My mutual interest in houses and cars started in the mid-1960s when more or less simultaneously I got my driver’s license and almost unlimited access to the family’s hot-looking but slug-footed 1964 fire red Chevy Impala (it had Chevy’s smallest V-8, only 283 cubic inches, and a very clunky 3-speed automatic transmission), and my parents sold our 1,000-square-foot starter home (purchased for $16,000 in 1954) and bought a $42,500 move-up house that was not only three times bigger but had two and a half baths, central air conditioning, an automatic garage door opener, and a 1960s version of a gourmet kitchen complete with wall ovens, a separate cooktop, a disposer, ample counter space, and room for a dining table.

I was one happy 16-year-old kid.

That was 50 years ago, and since then I think in many ways cars and houses have evolved almost in lockstep. For example:

  • Better fuel efficiency. Just as a car’s average gas mileage has more than doubled to over 30 miles per gallon, a home built today uses much less energy per square foot than a house built in 1966.
  • More luxurious features. Seats in cars often are leather and adjustable in 101 different ways, and crank windows are akin to a rotary dial phone. Houses are more luxurious as well: Countertops are more likely to be granite or marble than laminate, many homes have one fireplace if not more, bathrooms are downright palatial, and there’s space galore.
  • Less maintenance required. A car’s oil needs to be changed every 6,000 to 10,000 miles, and tires last up to 40,000 miles. It’s a similar deal with houses. There's no need to replace a roof every 15 years or so, and a homeowner never has to repaint vinyl siding or worry if it’s time to defrost the freezer.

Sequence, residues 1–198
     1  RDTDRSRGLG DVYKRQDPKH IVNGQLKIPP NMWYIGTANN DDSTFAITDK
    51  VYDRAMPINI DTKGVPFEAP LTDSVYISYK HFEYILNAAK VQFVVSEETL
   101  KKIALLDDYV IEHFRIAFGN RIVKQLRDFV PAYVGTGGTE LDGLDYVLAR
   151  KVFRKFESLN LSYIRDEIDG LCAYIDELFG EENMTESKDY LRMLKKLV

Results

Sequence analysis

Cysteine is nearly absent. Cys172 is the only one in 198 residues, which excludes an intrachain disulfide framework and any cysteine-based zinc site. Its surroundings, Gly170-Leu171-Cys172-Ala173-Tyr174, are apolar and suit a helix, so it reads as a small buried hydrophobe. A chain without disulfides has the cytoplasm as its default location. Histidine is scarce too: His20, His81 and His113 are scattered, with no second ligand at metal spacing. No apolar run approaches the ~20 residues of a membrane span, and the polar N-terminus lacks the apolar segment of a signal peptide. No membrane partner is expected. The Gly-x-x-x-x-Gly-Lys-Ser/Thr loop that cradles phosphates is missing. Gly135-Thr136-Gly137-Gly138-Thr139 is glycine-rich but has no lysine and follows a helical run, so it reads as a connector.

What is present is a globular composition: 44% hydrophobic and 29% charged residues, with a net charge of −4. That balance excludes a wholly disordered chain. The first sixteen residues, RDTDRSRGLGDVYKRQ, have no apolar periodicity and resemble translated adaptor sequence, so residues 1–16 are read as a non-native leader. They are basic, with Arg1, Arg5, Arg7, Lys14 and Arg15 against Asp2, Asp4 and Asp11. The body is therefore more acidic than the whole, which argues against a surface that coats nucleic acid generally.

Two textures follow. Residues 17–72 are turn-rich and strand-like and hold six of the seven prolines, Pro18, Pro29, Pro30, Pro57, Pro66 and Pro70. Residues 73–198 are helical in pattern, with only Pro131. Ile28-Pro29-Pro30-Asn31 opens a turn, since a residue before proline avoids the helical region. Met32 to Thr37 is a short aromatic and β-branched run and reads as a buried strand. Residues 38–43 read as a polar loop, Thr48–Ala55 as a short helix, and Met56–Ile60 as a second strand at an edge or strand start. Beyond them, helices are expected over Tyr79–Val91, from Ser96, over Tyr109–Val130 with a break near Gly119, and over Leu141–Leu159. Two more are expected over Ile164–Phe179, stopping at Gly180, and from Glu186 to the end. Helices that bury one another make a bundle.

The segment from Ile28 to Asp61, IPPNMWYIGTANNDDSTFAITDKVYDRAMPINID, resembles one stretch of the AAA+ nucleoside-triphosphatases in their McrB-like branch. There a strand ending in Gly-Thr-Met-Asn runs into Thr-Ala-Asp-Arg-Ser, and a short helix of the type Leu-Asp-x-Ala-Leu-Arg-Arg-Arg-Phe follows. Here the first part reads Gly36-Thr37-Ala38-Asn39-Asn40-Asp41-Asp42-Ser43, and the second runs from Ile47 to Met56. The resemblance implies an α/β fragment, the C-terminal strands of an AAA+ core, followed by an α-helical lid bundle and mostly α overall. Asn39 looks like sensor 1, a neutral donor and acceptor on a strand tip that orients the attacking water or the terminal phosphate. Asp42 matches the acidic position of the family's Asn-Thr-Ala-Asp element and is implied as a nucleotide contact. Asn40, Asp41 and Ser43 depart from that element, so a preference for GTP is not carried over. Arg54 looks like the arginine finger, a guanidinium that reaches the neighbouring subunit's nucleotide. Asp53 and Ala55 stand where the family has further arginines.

Builders need to figure out how to construct the Fiat 500 of housing.

However, when you compare the evolution of houses and cars in other ways, housing is a step or two behind the auto industry. For example:

  • Take technology. We’re only a few years away from driverless cars. By comparison, high-tech thermostats just don’t cut it.
  • Consider customer segmentation. A car buyer has lots of choices, and there are different choices for different consumers. There are vanilla sedans but there are also high-performance sedans, SUVs, convertibles, crossovers, compact cars, mini-cars, hatchbacks, muscle cars, sports cars, etc. And note that the best-selling car is a truck, the Ford F-150. By comparison, housing’s cupboard is bare.

Which brings us to the biggest difference between houses and cars, and the biggest reason I think the auto industry is revved up and the housing industry is putt-putting along at less than 1.2 million housing starts: Automakers have figured out how to make and profit from making cool, small cars for millennials while builders haven’t figured out how to build cool, small houses to activate the first-time buyers’ market.

I rented a Fiat 500 on a recent trip to Italy. It was good-looking inside and out, got great gas mileage, and was completely comfortable on a six-hour drive. And every other automaker has its own version of the Fiat 500.

Builders have always liked to think big. I get it. But it’s time for more builders to think small and to start building small houses. In the rental market, developers are building and leasing micro units of less than 400 square feet. Like the Fiat 500, the units aren’t bare bones; they’re simply small and, as a result, more affordable.

Today’s first-time buyers came of home-buying age during the Great Recession. I think they’re ready to buy now, but the median size and median price of new single-family houses are at record high levels. But those are the only things “big” about an industry that’s much smaller than it should be or could be if, like the auto industry, the building industry offered more and better choices of smaller, more affordable housing, along the lines of the house I grew up in that put my parents on the ladder that allowed them to eventually move up.

The moral of the story: to get big again, more builders need to think small.